Records Management: Institutional Records Policy
The following policy establishes institutional-wide principles for the responsible management of University records.
This policy, in accordance with other established University policies and procedures, applies to all records created or received by an office or department of the University in transaction of its proper business or in pursuance of its legal obligations. For the purposes of this policy, records shall be defined as information in any tangible format needed to conduct the affairs of the University office or department or which need to be maintained or stored for some period of time because of governmental regulation, generally accepted standards, or university mandate. The tangible formats include but are not limited to paper, photographs, film, audio and videotapes, microforms, drawings, databases, email, and other electronic records. All such records are the property of Brown University and subject to the following University-designated security classifications:
- Public: information that can be shared with anyone without damage to the University.
- Regulated: information that is not only confidential but subject to regulatory compliance (e.g., FERPA, GLBA, FACTA, and data collected from human subjects) and audits.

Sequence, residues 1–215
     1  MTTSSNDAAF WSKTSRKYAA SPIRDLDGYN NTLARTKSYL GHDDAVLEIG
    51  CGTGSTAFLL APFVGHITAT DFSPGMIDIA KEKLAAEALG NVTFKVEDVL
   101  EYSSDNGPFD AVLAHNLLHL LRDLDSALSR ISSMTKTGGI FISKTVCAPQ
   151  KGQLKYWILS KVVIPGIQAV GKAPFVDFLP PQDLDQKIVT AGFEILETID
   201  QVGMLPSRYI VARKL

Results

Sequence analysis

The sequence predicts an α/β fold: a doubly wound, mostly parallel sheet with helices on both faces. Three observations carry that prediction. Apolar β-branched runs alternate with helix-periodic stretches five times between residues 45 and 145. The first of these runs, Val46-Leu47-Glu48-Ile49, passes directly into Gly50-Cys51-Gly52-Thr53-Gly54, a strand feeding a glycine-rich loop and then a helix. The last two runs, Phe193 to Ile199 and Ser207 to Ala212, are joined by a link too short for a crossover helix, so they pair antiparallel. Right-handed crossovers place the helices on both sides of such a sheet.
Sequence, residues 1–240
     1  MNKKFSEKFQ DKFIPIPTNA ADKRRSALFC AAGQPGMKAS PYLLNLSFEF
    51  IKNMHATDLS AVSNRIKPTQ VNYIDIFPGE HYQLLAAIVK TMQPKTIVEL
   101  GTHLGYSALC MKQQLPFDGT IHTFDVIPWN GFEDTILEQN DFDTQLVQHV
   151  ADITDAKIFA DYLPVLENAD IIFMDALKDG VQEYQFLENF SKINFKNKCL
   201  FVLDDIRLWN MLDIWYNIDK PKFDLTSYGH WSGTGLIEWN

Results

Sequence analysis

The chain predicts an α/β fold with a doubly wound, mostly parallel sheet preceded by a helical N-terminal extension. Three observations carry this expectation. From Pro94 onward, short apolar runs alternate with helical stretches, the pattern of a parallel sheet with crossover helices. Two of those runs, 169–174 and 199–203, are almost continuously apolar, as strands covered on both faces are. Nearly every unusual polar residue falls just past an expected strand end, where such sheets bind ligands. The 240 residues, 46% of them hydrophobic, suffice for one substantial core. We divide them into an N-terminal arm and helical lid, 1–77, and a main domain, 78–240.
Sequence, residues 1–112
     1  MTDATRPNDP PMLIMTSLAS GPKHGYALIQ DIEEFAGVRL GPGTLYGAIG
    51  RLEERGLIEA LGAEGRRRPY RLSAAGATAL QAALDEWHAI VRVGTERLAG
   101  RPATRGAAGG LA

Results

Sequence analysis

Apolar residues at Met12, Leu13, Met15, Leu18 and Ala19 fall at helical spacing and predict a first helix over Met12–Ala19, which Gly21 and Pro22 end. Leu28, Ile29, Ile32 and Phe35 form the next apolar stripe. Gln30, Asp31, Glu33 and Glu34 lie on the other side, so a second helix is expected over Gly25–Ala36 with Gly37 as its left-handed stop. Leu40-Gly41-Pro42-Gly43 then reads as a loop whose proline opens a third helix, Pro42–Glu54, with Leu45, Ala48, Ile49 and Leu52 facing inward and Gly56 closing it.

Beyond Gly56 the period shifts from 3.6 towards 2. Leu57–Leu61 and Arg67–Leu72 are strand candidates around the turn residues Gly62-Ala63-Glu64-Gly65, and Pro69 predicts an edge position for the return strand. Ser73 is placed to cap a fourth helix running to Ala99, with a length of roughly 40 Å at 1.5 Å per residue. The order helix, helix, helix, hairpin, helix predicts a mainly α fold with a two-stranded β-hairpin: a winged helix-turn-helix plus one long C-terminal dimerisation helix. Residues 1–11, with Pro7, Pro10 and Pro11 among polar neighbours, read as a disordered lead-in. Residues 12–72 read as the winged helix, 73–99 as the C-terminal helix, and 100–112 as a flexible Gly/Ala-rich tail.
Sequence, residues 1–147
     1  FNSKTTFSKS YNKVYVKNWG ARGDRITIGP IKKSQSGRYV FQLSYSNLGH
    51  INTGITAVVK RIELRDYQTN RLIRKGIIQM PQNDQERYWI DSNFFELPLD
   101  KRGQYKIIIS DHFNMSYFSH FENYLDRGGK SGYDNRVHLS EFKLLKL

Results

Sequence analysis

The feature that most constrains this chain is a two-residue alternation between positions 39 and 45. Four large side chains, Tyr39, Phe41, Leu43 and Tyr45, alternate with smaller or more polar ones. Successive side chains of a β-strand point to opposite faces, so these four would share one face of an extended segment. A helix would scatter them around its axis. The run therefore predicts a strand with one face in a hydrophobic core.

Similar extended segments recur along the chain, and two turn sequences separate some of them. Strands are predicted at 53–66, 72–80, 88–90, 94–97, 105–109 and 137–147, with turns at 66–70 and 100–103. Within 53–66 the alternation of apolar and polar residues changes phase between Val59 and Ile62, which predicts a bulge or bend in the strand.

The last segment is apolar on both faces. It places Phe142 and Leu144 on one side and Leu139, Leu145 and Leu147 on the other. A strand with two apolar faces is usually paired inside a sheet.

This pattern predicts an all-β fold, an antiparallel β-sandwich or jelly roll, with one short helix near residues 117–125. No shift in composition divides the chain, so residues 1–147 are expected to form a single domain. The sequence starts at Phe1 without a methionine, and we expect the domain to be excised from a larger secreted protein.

- Brown Confidential: includes all other information.
The implementation of an institutional records policy that incorporates sound management practices and procedures provides the following benefits: guidelines for selecting and preserving critical and historically significant records, adherence to industry standards, compliance with legal mandates, reduced costs by eliminating storage of obsolete records, improved access to records, improved data security, increased accountability, and reduced risks.
While there may be instances where records or portions of records are shared by several departments or offices, there should be a primary steward who is responsible for decisions related to the maintenance, access, and retention of the records.
Establishing and operating effective recordkeeping systems and practices requires a multi-pronged approach. University departments and offices should make effective use of industry standards and the necessary range of expertise available throughout the University. This includes standards and expertise in archives and records management, information technology, data and information management, information security, business system analysis and design, auditing, risk management, and law.
1. Appropriate measures and standards should be applied to ensure that University records remain authentic, secure, and confidential.